Womanhood features prominently in the sculptural works of Heather Kayotak—some women fish, while others carry children or pails full of berries. Each wears an amauti with distinctive, unique details. “I see lots of women with amautiit in different styles,” Kayotak says, “and I really like their styles and try to capture them in my carvings.”
Kayotak hails from Iglulik (Igloolik), NU, and notes that her parents, artists Yvonne and Marius Kayotak (1947–2008), both influenced her artistic approach. “I used to really like watching them carve,” she recalls. Kayotak has made jewellery from precious metals and sculpture from stone, ivory and antler, but prefers working with antler because it is abundant and “stone is too dusty for me.” Many of her caribou antler carvings, often depicting compactly rendered female figures, resemble the carvings of her mother but Kayotak’s playful details make her work distinctly her own.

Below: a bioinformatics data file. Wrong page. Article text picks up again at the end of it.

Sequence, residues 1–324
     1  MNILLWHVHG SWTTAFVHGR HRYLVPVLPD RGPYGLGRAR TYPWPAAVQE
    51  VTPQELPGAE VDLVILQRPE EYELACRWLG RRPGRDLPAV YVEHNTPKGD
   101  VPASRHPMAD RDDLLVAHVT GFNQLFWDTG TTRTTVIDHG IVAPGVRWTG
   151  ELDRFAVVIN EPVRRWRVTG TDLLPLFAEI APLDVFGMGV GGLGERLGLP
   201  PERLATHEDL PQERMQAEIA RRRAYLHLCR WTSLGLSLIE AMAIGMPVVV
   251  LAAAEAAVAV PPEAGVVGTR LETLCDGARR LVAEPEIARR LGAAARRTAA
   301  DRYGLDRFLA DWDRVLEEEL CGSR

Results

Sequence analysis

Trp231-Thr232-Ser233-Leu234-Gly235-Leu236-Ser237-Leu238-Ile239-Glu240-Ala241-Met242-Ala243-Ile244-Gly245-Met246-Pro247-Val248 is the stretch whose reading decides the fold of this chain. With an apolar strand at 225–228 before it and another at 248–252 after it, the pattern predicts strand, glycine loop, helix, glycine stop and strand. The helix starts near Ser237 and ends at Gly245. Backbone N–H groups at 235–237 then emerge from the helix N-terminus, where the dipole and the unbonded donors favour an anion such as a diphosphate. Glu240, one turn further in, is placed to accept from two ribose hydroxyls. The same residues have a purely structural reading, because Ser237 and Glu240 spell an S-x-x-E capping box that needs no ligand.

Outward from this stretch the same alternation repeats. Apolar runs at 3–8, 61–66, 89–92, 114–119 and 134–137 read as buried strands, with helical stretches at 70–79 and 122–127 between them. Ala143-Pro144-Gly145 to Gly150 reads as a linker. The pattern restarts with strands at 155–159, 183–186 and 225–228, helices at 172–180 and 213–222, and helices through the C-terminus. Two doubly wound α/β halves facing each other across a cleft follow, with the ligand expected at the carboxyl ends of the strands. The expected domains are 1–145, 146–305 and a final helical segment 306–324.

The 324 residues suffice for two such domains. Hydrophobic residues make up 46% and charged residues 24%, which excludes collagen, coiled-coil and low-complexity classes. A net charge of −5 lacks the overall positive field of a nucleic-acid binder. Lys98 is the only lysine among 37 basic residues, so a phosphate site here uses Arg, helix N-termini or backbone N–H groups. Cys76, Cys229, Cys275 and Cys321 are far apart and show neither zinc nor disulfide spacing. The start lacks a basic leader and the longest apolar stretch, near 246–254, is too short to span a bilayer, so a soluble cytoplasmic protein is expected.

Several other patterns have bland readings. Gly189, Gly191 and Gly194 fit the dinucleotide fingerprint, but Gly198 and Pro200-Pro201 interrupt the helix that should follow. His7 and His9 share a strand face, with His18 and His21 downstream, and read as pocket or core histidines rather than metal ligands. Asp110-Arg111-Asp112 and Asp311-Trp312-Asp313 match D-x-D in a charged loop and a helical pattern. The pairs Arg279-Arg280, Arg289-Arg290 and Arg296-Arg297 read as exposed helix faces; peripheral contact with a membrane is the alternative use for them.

Kayotak’s massive Mother and Child (c. 2010) is a commanding, joyful work that puts the artist’s skills on full display. Carved from tough local basalt, the work lacks the details present in Kayotak’s antler figures but is prominently rooted in gesture and emotion. The woman points her mittened hand upwards and gazes with the child she carries in her amauti on the shared point somewhere beyond. What are they looking at? It is mysteries like this that charm and delight in the work of Heather Kayotak.